Zope Management Environment NG
Zope needs to take immediate steps to reduce complexity and encourage simplicity. The current UI experience has been mentioned repeatedly as a prime culprit to understanding Zope. This proposal looks at ways to improve the UI without a major architectural overhaul, and without deflecting from the ZopeStudio effort.
Zope is managed primarily through a web interface. This approach is one of the great strenghts of Zope, but also an area of difficulty, and HTML GUIs are less expressive.
A proposed upgrade to the current Zope Management Environment (ZME) would have the following primary design goals:
- Designed and documented. The current ZME didn't go through a process that defined its target audience and documented its use. Does anybody really know what the left frame and right frame are called?
- Self-revealing. The ZME should "explain itself" and need little formal documentation. For instance, balloon help can provide cues.
- Attractive. It's easy to overlook the importance of this, but people's first reactions go a long way towards forming opinions and setting expectations. The ZME should have a light but talented web design touch.
- Focused on right audience. This is difficult, as Zope itself has a number of audiences. The ZME should reveal the appropriate level of complexity for each of the target audiences.
- Productive. While the current ZME allows the job to get done, it doesn't go the extra mile to help the job get done efficiently. For instance, Windows apps keep track of the last five things you've opened and make them visible in the File menu.
- Consistent. The current ZME has a very scattered approach to its style guide. Some screens have a lot of help text in an introductory paragraph, some have none. Some use italics for optional parameters, some don't. Some have a paragraph that just ends with a button. Folderish things have Undo but DTML Documents don't.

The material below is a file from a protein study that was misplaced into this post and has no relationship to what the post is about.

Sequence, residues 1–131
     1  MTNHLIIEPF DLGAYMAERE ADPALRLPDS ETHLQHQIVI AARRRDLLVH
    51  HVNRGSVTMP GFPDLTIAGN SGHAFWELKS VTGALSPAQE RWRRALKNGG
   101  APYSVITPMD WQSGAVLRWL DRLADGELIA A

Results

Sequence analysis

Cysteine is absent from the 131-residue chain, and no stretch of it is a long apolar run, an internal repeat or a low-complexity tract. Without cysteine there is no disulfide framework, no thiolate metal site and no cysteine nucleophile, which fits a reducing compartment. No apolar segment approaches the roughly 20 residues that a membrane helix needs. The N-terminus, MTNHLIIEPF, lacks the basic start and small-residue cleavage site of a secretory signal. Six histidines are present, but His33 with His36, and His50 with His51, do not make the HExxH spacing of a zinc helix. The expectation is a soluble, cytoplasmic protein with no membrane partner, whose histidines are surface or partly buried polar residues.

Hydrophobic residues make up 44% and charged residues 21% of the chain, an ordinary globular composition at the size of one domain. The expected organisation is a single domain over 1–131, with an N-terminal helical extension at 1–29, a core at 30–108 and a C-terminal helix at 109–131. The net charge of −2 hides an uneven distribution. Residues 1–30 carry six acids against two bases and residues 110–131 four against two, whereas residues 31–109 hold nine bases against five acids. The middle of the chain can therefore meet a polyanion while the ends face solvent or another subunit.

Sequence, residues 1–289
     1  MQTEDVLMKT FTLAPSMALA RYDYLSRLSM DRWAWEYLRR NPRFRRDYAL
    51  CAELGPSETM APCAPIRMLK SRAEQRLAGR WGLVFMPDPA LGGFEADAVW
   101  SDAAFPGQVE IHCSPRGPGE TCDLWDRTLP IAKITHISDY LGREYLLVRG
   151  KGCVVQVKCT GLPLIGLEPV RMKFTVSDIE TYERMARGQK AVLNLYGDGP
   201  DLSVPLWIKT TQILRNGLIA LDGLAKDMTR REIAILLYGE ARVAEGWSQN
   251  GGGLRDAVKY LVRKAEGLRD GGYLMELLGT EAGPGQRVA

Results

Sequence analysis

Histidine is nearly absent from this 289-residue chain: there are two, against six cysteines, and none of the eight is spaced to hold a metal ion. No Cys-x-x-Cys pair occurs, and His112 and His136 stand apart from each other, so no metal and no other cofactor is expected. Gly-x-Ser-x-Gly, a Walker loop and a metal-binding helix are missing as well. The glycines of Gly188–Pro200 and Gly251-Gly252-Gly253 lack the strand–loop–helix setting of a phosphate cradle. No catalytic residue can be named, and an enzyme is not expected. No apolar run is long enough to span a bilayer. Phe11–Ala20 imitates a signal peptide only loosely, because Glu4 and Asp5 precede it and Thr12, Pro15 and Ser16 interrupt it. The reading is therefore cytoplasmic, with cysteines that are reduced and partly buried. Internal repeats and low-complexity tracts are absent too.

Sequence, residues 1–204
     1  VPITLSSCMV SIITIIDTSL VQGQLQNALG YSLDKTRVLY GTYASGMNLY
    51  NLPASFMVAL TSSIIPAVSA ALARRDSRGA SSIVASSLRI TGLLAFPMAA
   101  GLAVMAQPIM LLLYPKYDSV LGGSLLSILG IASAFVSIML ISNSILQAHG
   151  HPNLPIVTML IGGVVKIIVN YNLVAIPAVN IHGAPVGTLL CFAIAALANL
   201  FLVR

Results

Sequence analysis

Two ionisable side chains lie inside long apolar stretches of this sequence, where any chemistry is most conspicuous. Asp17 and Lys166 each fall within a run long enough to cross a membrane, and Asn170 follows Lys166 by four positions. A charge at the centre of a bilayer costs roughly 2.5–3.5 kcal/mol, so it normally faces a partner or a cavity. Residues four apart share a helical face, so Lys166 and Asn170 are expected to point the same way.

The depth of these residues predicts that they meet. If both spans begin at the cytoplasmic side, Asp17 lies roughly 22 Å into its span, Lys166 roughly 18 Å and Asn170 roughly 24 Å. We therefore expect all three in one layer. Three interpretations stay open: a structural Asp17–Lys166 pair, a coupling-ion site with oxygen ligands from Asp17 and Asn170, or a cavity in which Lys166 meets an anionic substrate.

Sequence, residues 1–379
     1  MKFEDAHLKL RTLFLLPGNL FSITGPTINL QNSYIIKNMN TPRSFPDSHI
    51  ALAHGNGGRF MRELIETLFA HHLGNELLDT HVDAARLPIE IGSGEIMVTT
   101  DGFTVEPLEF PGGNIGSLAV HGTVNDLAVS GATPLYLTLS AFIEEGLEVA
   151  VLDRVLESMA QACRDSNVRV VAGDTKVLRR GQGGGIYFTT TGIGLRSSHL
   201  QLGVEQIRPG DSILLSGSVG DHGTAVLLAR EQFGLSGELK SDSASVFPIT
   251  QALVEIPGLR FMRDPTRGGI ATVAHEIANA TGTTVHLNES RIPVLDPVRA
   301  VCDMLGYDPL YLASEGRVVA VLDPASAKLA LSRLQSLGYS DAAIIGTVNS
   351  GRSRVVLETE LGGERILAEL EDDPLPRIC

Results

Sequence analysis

- Error recovery. Things go wrong. The ZME should make it easier and more obvious about how to recover from problems. Are our tracebacks informative enough? Can we take people directly to the source of the error? Is Undo prominent enough?
- Better writing environment. Zope isn't a fun place to author content. Much of the blame has gone to the TEXTAREA, but there are numerous ways to imprive the experience for authoring.
Additional, secondary goals:
- Customizable. By suppliers, webmasters, and users (think skins). Also means extensible.
- Efficient. Network, etc.
- Targetted productivity. Some things, like working with SQL, are hard and frequent. The ZME should pick a few of these areas and nail them.
- Configuration. The ZME should become the focus for initial configuration of an install and a site. Too much is spread between the Control Panel and the startup files.
- Administration. The current ZME isn't focused at all at making ongoing administration and monitoring of Zope sites very friendly and productive.
- Adaptive. Many interfaces, including Windows 2k and now KDE2, pare down the menus to show you fewer things, but remember the things you've done frequently. They also remember how you've sized things and other preferences, such as letting you hide parts of the interface and bring them back later.
In addition to listing goals, it is useful to list things that won't be done or things that are out of bounds.
- Rich IDE. The ZME environment is focused on the range of users from the newbie, through the casual content manager, and into the low end of developers.
Here are some scattershot steps.
- Overhaul to better separate and package the presentation. If the ZME was packaged up like the chrome in Mozilla (very clear places for the skins, locale, etc.), then it would be much easier for people to tinker with new ideas.
- Get rid of FRAME. The use of FRAMEs makes for a clumsy environment. Move to IFRAMEs.
- Change to PTK metaphors.
- No separation between browsing and managing.
document_srcvisible and editable, to bring in WebDAV.